“SPOT is aware of every new piece of data, the relationships between data, and its meaning,” Perlin says. “Instead of reacting, we get a 20-hour early warning. When every hour counts in decreasing the risk of death, the ability to have an algorithm run in the background in real time, without downtime, to detect those signals is absolutely game-changing.”

Increased accuracy: HCA Healthcare is undergoing a cultural shift in which it quickly and confidently uses digital capabilities and establish best practices for patient care – even across hundreds of systems and applications at each facility, from fetal monitoring to accounting to supply chain management.

“About 80% of a patient chart is not computable,” according to Perlin. However, with new tools such as natural language processing and machine learning, the system is taking advantage of new insights from that unstructured data. “As the pilot project, SPOT has been an important tool for building clinicians’ trust in the computer to see associations that they cannot see and act on those predictions. As a return for the time spent on creating patient EHRs, we create value for them from that data.”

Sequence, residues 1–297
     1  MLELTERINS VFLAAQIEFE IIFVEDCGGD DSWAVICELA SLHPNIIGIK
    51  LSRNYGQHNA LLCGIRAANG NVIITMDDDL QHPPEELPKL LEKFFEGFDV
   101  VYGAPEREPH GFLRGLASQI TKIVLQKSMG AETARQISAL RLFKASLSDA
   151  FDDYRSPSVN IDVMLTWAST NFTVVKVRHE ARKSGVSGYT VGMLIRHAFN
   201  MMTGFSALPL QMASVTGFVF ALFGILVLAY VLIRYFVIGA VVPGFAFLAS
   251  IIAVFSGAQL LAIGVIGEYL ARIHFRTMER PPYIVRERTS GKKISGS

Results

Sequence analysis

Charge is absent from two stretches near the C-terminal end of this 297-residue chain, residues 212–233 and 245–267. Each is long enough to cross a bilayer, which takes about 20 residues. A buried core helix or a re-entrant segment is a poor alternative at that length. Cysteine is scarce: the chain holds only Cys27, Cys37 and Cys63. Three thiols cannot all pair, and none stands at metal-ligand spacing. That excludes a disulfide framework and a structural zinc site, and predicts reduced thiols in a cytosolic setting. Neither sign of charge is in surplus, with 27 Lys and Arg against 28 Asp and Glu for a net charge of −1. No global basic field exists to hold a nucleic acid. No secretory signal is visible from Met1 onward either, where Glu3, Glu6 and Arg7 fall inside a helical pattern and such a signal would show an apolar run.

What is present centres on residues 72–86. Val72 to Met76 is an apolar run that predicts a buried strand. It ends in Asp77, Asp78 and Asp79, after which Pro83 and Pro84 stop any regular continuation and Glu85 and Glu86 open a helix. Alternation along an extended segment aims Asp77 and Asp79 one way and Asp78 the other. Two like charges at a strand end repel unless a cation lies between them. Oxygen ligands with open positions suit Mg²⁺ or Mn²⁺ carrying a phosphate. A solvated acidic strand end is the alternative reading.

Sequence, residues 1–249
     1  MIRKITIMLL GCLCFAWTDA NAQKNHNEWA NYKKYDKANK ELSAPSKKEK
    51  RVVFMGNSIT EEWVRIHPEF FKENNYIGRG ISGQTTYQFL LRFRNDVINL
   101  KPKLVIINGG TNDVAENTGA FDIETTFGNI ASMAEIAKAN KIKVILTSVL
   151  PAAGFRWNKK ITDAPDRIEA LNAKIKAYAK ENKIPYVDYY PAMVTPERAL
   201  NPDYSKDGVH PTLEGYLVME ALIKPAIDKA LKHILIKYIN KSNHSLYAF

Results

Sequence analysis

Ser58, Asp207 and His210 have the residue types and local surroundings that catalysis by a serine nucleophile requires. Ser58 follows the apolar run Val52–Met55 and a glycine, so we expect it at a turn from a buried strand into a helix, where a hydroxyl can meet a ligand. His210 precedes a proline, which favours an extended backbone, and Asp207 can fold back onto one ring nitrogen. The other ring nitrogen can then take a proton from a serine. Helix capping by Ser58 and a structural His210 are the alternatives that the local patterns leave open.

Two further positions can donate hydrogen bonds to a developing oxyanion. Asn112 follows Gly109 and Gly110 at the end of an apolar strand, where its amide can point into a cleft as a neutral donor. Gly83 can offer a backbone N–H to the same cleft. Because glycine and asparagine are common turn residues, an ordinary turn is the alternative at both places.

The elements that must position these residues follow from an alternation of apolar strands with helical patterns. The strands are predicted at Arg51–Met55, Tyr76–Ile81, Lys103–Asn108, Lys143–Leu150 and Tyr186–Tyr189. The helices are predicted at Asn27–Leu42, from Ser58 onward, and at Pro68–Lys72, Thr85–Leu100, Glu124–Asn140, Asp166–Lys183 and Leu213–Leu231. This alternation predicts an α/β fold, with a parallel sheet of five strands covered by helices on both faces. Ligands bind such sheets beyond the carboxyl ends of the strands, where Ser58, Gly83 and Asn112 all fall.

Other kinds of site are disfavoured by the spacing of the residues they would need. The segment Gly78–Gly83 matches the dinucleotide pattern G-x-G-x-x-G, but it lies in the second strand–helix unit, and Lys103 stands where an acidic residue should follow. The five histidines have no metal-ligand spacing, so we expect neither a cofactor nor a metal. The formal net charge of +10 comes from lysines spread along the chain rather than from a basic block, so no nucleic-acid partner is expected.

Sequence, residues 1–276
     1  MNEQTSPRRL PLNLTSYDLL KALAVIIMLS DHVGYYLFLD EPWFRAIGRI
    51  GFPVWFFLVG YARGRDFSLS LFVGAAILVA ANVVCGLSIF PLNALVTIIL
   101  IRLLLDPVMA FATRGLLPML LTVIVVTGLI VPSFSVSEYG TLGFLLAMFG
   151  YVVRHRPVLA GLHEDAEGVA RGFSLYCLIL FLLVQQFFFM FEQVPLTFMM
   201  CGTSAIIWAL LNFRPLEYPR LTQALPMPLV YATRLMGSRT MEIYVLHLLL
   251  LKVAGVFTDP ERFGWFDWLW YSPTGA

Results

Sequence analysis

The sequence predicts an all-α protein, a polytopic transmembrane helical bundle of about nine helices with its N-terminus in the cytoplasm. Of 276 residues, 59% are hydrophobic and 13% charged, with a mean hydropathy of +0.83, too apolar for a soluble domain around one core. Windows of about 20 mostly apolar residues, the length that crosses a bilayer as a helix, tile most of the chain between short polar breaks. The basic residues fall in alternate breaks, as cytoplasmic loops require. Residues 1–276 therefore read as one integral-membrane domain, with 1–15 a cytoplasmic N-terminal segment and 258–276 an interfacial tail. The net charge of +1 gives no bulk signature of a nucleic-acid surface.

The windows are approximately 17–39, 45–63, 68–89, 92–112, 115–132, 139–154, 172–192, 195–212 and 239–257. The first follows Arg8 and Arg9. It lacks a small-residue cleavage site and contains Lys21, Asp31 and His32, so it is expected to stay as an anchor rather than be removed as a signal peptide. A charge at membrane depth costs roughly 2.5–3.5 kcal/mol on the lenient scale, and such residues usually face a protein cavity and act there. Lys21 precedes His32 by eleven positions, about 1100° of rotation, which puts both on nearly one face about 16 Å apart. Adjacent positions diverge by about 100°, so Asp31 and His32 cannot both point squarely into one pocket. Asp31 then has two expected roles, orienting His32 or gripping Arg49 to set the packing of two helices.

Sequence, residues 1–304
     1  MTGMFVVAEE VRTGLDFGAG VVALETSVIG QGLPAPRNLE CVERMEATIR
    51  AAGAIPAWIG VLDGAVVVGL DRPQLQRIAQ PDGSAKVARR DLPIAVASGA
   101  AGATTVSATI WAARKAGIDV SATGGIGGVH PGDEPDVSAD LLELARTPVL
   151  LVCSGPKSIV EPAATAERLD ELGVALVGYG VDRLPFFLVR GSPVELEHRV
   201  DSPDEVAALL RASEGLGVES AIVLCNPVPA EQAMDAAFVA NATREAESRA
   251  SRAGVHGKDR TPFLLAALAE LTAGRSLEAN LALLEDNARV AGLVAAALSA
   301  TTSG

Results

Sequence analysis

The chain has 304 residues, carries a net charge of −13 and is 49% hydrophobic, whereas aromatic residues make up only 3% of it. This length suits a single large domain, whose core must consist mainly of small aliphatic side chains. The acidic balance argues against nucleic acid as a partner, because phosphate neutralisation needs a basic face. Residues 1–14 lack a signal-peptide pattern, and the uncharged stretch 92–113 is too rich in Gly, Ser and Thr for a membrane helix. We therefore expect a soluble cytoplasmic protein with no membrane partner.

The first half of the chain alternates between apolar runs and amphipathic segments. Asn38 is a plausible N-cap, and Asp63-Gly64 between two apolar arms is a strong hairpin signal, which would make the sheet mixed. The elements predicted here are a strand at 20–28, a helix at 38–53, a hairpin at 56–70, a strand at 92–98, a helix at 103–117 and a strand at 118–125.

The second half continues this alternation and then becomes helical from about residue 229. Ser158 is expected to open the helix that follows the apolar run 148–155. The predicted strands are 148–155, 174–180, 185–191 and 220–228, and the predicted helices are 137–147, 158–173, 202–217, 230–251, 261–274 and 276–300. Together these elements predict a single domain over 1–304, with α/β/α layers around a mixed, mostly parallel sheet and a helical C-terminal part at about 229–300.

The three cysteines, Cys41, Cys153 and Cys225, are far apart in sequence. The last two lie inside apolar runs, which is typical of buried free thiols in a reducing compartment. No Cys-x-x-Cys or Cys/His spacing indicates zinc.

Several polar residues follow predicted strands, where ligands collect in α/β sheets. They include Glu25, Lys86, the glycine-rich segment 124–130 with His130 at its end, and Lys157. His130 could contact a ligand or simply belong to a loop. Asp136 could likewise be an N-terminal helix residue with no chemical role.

Enhanced learning: HCA Healthcare’s goal is to unite its care and business professionals to form a learning healthcare system, a collaborative, transparent model approach that uses data from each interaction as a source for continuous learning and improvement. “When the computer is monitoring those things we can intervene in a way that saves lives,” Perlin says. “We can train algorithms to be able to answer your questions the way that no one else can.”

The SPOT platform has now been deployed to more than 160 hospitals to monitor more than 2.5 million patients to date. Perlin says the benefits speak for themselves. “When we look at our Surviving Sepsis campaign and the implementation of SPOT, we’ve saved nearly 8,000 lives,” he says.

SPOTing Other Threats

SPOT is the first of many initiatives across the organization to use real-time data at scale to improve patient care with new insights

HCA Healthcare is also employing its open source, Red Hat-based foundation to develop new algorithms for other conditions and care settings.